At one table I was handed something wrapped in a long roll of aluminum foil and a paper boat that contained (a) meat sauce, (b) a hardboiled egg, (c) shredded lettuce, and (d) one-quarter of a lime.  I had no idea how, or in what combinations, these items were to be eaten but I quickly discovered that the meat sauce had enough hot spices to provide a jet-assisted takeoff.  When I opened the foil package, it contained a roll of something greyish-tan with the spongy texture of a thin yeast dough.  As I poked at it with one finger, it seemed to quiver and shake and for one horrible moment I thought it contained something that was alive but, instead, I discovered that the bread-ish thing was the perfect antidote to the fire caused by the meat sauce.  Never have I met two foods that were more symbiotic.

I took my food, looked for a place to sit and found what has existed all around the world since the beginning of time:  women and children sitting in the cool protection of shade trees.  The children were running around live and in person, not tied down in expensive strollers.  One woman was carrying her baby in two lengths of colorful cloth wound around their bodies.  The mothers variously fed or ignored the little children; they were not the end-all and be-all of their mother’s existence.  The children were well-behaved and playful; the mothers were not obsessed with control.  Elsewhere the men were gathered in groups talking.  Childcare is for women; talking is for men.  (To be continued.)

About annecwoodlen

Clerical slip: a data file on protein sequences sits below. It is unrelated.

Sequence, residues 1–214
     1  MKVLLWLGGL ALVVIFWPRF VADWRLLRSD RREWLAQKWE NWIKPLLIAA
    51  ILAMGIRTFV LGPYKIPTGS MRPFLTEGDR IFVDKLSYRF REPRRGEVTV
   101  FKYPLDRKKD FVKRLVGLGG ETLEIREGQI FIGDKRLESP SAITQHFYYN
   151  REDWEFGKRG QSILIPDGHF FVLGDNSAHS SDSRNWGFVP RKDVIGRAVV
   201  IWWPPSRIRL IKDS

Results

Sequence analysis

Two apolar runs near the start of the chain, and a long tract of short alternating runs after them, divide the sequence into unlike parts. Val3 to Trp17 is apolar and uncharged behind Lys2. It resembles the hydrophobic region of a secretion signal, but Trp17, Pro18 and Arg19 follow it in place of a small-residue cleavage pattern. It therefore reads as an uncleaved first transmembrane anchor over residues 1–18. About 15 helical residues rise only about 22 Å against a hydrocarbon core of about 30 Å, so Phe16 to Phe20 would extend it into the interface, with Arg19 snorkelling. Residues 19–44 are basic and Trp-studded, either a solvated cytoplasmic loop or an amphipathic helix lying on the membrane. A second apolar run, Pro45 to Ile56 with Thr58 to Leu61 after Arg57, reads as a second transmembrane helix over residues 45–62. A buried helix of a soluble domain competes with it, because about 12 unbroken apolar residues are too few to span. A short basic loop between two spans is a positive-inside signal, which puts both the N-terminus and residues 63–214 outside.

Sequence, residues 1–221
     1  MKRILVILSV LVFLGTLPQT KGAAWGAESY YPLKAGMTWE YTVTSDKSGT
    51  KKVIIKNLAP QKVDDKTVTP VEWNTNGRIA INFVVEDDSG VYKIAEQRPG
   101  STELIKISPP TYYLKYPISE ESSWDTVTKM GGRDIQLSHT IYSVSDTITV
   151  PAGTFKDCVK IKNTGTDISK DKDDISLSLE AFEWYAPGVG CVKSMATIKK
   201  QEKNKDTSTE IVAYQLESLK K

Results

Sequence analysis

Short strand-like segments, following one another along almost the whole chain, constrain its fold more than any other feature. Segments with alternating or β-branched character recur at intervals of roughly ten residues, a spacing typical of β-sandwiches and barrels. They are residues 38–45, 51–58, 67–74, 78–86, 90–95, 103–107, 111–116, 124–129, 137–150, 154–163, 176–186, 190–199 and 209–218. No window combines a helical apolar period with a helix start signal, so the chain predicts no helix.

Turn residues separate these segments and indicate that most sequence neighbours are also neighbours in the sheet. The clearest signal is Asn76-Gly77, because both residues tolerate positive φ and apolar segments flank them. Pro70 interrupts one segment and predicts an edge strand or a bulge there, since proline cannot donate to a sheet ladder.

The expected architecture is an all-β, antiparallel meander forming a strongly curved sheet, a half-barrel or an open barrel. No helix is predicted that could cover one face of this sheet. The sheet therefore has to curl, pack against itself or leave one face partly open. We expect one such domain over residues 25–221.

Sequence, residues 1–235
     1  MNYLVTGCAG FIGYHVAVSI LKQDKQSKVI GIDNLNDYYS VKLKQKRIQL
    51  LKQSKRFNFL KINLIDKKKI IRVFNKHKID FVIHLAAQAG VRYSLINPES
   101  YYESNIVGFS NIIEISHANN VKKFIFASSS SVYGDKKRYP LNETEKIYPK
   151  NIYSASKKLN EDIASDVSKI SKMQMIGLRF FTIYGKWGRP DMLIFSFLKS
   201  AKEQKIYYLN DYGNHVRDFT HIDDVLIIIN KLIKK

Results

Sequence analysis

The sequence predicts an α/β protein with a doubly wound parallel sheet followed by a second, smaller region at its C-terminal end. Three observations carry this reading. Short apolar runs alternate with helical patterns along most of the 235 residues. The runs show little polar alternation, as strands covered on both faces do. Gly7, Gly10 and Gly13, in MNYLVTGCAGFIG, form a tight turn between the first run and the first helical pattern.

I am a tenth generation American, descended from a family that has been working a farm that was deeded to us by William Penn. The country has changed around us but we have held true. I stand in my grandmother’s kitchen, look down the valley to her brother’s farm and see my great-great-great-great-great-grandmother Hannah standing on the porch. She is holding the baby, surrounded by four other children, and saying goodbye to her husband and oldest son who are going off to fight in the Revolutionary War. The war is twenty miles away and her husband will die fighting. We are not the Daughters of the American Revolution; we were its mothers. My father, Milton C. Woodlen, got his doctorate from Temple University in the 1940’s when—in his words—“a doctorate still meant something.” He became an education professor at West Chester State Teachers College, where my mother, Elizabeth Hope Copeland, had graduated. My mother raised four girls and one boy, of which I am the middle child. My parents are deceased and my siblings are estranged. My fiancé, Robert H. Dobrow, was a fighter pilot in the Marine Corps. In 1974, his plane crashed, his parachute did not open, and we buried him in a cemetery on Long Island. I could say a great deal about him, or nothing; there is no middle ground. I have loved other men; Bob was my soul mate. The single greatest determinate of who I am and what my life has been is that I inherited my father’s gene for bipolar disorder, type II. Associated with all bipolar disorders is executive dysfunction, a learning disability that interferes with the ability to sort and organize. Despite an I.Q. of 139, I failed twelve subjects and got expelled from high school and prep school. I attended Syracuse University and Onondaga Community College and got an associate’s degree after twenty-five years. I am nothing if not tenacious. Gifted with intelligence, constrained by disability, and compromised by depression, my employment was limited to entry level jobs. Being female in the 1960’s meant that I did office work—billing at the university library, calling out telegrams at Western Union, and filing papers at a law firm. During one decade, I worked at about a hundred different places as a temporary secretary. I worked for hospitals, banks, manufacturers and others, including the county government. I quit the District Attorney’s Office to manage a gas station; it was more honest work. After Bob’s death, I started taking antidepressants. Following doctor’s orders, I took them every day for twenty-six years. During that time, I attempted%2